Economies of scale is a term that is thrown out quite a bit in the business world. On the west coast where I’m from, scale is a favorite term of tech entrepreneurs. Management and executives talk about leveraging scale. Investors seek out scalable companies. Every first-year business school student is familiar with the term. What are economies of scale and why does it matter in business?
Note: This week I’m in Toronto Canada for CCIF, the Canadian Collision Industry Forum quarterly meeting. The Canadians have a very robust automotive aftermarket, and own and operate some of the largest in the industry. If you are in the area hit REPLY and let me know. It would be great to meet up.
What are Economies of Scale
Formally defined, and economy of scale is the reduction in average and marginal costs arising from an increase in size of an operating unit. In other words, the larger a business becomes, the lower the cost structure becomes. Developing economies of scale is like finding the holy grail. The more the business grows the more profitable it becomes.
Economies of scale are like moats. The more a company invests in developing them, the harder it is for competitors to breach the moat. But economies of scale are only built through investment. More specifically, they are built through re-investment. Building economies of scale requires a continued and ongoing investment into the business, growing the business to spread fixed costs over an increasingly larger base of revenues.
Building scale also requires an understanding of a company’s fixed costs, variable costs, and re-investment costs, otherwise referred to as capex, short for capital expenditures. Building scale may also require large initial investments that must be financed over time. Recognizing which financial levers to pull, and when, is an important part of building economies of scale.
Not All Businesses Can Build Economies of Scale
Economies of scale, when developed appropriately, are very powerful. Software is an example of an industry that benefits handsomely from economies of scale. For a software company, fixed costs are nearly identical whether the company services 1,000 or 1,000,000 clients.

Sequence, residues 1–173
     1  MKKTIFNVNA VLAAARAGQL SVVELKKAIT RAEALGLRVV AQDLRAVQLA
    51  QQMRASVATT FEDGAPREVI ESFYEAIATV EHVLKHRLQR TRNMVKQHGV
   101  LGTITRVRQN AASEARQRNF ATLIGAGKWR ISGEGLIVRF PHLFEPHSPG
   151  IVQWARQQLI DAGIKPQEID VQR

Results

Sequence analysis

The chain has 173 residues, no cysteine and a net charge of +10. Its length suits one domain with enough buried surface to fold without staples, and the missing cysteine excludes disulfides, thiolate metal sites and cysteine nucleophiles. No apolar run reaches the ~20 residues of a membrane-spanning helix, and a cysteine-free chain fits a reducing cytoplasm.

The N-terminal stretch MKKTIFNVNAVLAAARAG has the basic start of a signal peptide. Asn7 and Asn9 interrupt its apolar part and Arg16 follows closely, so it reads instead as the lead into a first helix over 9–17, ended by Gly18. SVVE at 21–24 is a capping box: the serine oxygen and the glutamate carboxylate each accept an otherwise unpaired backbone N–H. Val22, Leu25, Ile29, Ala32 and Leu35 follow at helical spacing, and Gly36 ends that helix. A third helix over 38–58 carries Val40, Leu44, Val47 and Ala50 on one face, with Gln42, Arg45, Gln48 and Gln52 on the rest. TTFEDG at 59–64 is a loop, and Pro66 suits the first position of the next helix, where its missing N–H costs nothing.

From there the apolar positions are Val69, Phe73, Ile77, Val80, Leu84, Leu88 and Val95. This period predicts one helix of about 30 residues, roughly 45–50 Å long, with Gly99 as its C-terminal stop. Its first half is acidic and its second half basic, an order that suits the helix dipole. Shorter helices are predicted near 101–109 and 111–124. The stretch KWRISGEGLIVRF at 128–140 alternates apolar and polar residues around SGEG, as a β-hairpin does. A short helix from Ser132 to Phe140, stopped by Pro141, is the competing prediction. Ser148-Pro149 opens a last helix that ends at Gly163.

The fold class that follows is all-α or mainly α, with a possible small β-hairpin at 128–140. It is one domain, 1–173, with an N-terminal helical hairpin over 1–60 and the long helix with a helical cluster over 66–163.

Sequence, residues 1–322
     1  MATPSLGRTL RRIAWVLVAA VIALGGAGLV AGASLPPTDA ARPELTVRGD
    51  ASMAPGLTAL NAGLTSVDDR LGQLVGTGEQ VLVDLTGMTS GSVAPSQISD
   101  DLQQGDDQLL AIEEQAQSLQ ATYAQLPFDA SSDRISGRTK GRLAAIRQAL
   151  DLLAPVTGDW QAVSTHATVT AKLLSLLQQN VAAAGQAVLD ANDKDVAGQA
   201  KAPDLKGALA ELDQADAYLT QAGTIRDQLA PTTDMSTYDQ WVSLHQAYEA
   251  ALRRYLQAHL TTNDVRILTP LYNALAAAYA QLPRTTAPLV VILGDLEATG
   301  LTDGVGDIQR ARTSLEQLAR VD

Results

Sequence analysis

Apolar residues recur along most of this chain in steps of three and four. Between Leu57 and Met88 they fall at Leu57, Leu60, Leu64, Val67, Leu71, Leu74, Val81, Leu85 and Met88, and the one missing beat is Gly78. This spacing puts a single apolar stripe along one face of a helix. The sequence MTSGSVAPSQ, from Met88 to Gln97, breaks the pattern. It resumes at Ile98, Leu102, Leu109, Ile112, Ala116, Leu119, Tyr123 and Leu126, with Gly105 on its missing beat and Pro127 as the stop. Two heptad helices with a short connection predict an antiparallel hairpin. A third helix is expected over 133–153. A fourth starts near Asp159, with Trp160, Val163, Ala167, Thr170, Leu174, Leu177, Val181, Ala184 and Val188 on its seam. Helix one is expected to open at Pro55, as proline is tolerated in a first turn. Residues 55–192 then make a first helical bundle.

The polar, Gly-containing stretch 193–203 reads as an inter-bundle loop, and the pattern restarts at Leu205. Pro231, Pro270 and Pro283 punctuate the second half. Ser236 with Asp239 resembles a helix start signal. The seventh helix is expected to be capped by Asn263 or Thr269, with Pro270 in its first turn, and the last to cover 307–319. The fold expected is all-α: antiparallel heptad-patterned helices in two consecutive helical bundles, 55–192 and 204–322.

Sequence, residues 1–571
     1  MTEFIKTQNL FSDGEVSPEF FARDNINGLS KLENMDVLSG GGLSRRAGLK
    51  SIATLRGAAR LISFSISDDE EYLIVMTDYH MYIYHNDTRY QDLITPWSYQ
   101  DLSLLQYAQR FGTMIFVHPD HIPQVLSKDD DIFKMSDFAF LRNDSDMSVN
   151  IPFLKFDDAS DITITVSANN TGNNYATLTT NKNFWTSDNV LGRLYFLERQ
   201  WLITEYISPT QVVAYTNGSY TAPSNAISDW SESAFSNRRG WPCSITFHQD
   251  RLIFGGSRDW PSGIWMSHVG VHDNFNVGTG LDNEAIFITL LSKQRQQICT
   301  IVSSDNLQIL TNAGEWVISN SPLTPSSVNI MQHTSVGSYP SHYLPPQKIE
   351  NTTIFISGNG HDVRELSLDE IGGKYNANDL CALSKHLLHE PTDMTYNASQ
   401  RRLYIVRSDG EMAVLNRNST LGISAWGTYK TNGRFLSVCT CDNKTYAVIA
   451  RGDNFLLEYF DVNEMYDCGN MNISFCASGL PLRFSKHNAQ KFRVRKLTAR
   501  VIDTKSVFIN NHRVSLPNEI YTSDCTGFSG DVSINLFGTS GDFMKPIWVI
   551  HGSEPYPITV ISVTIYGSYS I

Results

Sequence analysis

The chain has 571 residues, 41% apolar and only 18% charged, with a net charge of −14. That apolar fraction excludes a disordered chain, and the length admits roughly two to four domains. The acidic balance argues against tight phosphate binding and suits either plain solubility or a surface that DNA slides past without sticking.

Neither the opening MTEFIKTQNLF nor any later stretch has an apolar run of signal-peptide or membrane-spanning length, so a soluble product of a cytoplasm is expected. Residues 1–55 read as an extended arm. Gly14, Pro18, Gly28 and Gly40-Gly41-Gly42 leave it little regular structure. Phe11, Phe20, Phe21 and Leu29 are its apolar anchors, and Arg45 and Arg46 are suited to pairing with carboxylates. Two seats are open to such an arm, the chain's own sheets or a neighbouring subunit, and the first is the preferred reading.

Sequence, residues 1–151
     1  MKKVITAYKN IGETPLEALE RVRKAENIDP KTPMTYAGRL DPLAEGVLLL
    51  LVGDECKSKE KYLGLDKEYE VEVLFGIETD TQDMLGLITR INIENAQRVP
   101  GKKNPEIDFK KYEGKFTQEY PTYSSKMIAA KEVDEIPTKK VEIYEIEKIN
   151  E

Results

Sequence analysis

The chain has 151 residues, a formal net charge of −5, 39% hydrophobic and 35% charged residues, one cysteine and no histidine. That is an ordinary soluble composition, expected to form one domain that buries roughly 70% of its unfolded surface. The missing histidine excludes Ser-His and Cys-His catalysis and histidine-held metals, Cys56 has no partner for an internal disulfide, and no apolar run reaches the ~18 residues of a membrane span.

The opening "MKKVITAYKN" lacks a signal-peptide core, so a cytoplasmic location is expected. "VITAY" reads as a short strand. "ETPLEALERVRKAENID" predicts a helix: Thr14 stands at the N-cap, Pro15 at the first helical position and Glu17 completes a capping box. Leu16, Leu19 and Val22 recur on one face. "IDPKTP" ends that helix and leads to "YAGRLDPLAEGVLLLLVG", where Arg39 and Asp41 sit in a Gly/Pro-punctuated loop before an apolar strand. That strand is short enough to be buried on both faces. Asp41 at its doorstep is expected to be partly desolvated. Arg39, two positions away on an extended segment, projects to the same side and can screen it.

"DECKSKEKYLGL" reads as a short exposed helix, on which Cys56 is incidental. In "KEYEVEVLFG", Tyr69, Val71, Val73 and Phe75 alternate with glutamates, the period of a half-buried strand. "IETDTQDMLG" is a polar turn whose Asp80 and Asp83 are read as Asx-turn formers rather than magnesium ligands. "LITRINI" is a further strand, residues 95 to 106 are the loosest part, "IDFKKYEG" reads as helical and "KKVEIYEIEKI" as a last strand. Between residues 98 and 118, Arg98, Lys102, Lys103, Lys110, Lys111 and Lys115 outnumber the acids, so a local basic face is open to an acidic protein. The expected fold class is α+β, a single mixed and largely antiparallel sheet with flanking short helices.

But some companies are not well suited to building economies of scale. Companies that have a high degree of variable costs find it difficult to scale. Service dependent companies like restaurants, maintenance, legal firms, and other service based businesses find it challenging to build economies of scale because variable costs make up a large percentage of the overall cost structure of the business.
Companies in the automotive aftermarket fall somewhere in the middle. Paint and parts manufacturers, with large investments in fixed assets can benefit substantially from economies of scale. Distributors of paint and parts may also find benefits in focusing on developing economies of scale. The largest collision repairers have focused aggressively on building scale, spreading fixed expenses over an increasingly wider base of sales. But in each of the above examples, there is a component of variable expenses that influence the overall economics of the business.
Building Economies of Scale
Investors get excited by economies of scale. And rightfully so. Investing in economies of scale increases profitability, increases competitive pressure on other industry participants, and generally creates attractive returns. Here are 5 ways you can go about developing economies of scale in your business.
- Build a solid foundation. Developing economies of scale is all about the foundation. Robust accounting systems. Strong management systems. Established recruitment procedures. Invest in the foundational systems that will allow your company to become a much larger company.
- Focus on scalable solutions. Often the best solution is not the cheapest solution. It may be tempting to focus on the low cost systems that don’t grow with your company. Or worse, increase in cost as your company grows. Developing economies of scale almost by definition involves investing in fixed assets that you can leverage as you grow.
- Strategic planning drives success. Building economies of scale requires assessing where your company is at now, and comparing it to what your company will be when it is 10x or 100x the size it is today. The largest companies in the industry are all ones that embraced strategic planning and then execute according to the plan. Without a plan, building sustainable economies of scale will be challenging at best.
- Understand your capital needs. Building economies of scale can take a lot of up front investment. But investors are excited by economies of scale because they recognize that the future return outweighs the cost of the up front investment. But poorly planned investments can quickly weigh down a company’s profitability. Build out a cash budget and realistically plan for you future capital and financing needs.
- Think big – but protect your downside. Warren Buffett says it. Carl Icahn Says it. Even Donald Trump says it. These businessmen created their wealth by thinking big, but always protecting their downside risk. Building economies of scale demands that a business owner think of their business in much larger terms that it currently operates. Sometimes the best deal is the one you walk away from.
If you want to discuss how to develop the economies of scale in your business, get in contact with using my contact page. Our conversations are always confidential. Until next week!